Spoilers for Knives Out below!
Rian Johnson is back to his shenanigans with Knives Out. This is a movie that manages to be both wildly entertaining and sharply-written with poignant and timely political messages.
In fact, this movie deals with some issues so recent that I was surprised they were already a topic of conversation within a major motion picture. This, of course, is how the movie interacts with the refugee crisis, as well as the treatment of marginalized people groups.
This is a movie about a rich (and notably) white family who squabbles amongst themselves when the patriarch of the family mysteriously dies. Instead of a classic whodunit with the big reveal coming at the end, this film gives its reveal about halfway through. The rest of the story, though, isn’t wasted. Instead, it’s used to convey the aforementioned themes, all while continuing to be engaging and twist-filled.
As I mentioned, it is highly notable that the Thrombey family is white. They are rich and entitled, but most of them don’t even deserve the money they get, as it is largely earned by Harlan (the late patriarch, played by Christopher Plummer). After all, the person around the family who does the most to deserve her money happens to not even be a Thrombey at all – Marta Cabrera (Ana de Armas), Harlan’s personal nurse.
Marta, as we come to find out, is the one who accidentally caused the death of Harlan, much to her own horror. When the family finds this out (along with the fact that Harlan left everything to Marta in his will), they’re quick to turn on her. She’s the different one. She’s the one who doesn’t belong, and who looks different from the rest of them. Why should she reap the rewards of their father’s labor? The group of people who were earlier having a heated argument about the morality and national safety implications of refugees being separated from their families and put in cages can suddenly all see eye to eye when their comfort is threatened.
Now, the specifics of the family’s argument can certainly seem out of left field in the moment. It comes in the middle of a possible murder investigation. But it turns out to be the whole theme of the movie boiled down to this little three minute section of a scene.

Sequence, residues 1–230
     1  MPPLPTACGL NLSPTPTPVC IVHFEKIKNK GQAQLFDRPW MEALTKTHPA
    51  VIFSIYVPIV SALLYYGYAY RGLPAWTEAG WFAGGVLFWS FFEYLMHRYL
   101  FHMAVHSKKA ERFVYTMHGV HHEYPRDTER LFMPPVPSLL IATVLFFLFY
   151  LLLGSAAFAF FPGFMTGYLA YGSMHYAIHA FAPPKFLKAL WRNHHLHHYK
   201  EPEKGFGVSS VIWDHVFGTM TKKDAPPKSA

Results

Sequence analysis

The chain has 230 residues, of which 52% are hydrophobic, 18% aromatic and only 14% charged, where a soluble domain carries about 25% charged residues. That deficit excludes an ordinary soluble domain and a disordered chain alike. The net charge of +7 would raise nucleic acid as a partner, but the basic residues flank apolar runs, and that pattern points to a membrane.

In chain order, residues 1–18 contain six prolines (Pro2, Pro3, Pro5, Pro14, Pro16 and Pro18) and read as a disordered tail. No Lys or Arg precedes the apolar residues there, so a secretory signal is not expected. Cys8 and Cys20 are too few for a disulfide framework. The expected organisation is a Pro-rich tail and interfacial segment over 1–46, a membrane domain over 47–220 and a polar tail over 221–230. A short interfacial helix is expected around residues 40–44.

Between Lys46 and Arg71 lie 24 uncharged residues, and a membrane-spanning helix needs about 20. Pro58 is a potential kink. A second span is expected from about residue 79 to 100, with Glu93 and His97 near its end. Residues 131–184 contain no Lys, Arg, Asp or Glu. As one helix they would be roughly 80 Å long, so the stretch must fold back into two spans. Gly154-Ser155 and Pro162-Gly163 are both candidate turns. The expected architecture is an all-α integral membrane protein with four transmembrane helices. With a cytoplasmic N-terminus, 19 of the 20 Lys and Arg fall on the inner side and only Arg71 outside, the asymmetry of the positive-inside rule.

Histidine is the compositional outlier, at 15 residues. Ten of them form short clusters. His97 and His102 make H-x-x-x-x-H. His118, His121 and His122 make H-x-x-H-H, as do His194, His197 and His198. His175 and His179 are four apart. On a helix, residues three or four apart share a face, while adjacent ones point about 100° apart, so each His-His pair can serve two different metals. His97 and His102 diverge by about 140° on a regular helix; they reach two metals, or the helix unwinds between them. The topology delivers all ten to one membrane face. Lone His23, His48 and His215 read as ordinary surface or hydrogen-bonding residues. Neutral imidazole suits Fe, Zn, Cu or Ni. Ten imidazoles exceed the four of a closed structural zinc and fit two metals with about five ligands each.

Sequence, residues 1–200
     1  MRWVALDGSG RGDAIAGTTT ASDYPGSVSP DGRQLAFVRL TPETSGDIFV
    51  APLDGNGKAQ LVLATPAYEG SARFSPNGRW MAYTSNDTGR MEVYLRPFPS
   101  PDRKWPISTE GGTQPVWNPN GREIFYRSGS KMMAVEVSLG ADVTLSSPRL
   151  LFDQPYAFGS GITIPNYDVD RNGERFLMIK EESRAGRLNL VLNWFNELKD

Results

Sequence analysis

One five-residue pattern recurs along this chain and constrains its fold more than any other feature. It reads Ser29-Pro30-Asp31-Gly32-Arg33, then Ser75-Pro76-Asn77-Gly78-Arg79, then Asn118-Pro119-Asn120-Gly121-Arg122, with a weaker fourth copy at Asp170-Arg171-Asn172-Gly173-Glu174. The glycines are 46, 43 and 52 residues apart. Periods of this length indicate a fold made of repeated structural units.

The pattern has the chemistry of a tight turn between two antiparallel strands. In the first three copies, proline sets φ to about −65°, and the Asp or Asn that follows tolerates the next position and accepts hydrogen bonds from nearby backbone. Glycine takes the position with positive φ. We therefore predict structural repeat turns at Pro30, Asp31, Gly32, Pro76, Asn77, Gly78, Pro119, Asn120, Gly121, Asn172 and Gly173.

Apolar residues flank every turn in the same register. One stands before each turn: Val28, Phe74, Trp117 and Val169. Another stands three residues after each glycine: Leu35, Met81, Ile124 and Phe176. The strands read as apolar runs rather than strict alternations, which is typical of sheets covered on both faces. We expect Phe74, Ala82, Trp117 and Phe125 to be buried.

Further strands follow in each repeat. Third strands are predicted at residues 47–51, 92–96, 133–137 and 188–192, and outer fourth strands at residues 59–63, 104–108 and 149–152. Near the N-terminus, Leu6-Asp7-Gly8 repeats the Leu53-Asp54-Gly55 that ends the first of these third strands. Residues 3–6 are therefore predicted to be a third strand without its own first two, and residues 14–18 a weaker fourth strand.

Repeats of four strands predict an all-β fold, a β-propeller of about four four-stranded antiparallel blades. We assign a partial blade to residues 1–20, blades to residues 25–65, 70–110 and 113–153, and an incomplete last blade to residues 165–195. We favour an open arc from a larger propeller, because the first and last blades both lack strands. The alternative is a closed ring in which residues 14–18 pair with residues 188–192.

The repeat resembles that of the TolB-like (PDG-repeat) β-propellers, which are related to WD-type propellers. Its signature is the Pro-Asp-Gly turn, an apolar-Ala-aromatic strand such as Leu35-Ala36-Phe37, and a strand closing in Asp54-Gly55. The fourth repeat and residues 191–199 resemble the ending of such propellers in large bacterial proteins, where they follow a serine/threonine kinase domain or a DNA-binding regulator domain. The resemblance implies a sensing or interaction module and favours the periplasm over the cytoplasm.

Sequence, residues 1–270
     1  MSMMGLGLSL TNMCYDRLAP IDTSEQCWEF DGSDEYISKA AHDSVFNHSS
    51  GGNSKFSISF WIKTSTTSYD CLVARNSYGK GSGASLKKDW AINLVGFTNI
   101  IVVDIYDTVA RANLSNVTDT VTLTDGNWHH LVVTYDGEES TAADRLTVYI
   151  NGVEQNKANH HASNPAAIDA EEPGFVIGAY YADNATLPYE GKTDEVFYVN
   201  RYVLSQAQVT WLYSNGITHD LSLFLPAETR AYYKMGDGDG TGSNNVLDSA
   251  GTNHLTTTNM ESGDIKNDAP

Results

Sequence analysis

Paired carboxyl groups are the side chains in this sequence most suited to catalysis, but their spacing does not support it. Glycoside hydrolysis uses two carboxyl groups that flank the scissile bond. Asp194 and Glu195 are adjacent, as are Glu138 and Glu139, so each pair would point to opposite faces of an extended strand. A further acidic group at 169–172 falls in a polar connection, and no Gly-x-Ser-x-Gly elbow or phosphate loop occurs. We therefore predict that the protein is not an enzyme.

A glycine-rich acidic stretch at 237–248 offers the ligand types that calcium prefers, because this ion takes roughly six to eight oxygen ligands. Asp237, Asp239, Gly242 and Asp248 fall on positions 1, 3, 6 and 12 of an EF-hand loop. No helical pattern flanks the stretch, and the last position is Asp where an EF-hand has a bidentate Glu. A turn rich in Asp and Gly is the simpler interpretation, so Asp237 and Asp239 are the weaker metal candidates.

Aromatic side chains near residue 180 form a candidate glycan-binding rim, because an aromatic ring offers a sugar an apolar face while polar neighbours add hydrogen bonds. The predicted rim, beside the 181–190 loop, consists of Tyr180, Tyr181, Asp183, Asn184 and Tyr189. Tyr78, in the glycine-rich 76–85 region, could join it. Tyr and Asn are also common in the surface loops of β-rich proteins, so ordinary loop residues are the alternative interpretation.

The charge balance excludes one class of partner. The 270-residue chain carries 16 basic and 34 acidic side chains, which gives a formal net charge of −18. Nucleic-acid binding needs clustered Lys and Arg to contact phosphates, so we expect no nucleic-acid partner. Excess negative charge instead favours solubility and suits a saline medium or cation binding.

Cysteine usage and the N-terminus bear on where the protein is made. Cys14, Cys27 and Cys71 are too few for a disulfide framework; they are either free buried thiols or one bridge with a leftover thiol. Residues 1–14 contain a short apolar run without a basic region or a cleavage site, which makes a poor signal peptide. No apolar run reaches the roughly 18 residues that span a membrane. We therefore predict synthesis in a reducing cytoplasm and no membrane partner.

In reality, not one of these people is better than the next. As is typical with a murder mystery, we get to explore each character one by one. The more we learn about each one of them, the more we realize that they are all essentially crappy, selfish people, no matter what they may be telegraphing to everyone else. And this includes Marta. She tries to cover up the fact that she caused the death of Harlan, and lies at every chance she gets. But she still gets her inheritance.
And this is the whole point of the movie. Marta may not “belong” with these people, but she has just as much of a right to the things that they do. Her skin color, upbringing, and status should not hold her back from deserving any of this.
The genius allegory, then, is a reference to the marginalized people at the United States borders. Johnson is sending the message that everyone has the right to the same things simply because we are all human. Political prejudices and lack of status should not preclude anyone from these rights.
In the perfect final shot, we see Marta sipping from a mug that says “my house” on it. This isn’t to say no one else can live there. It is just to say how she belongs just as much as everyone else does.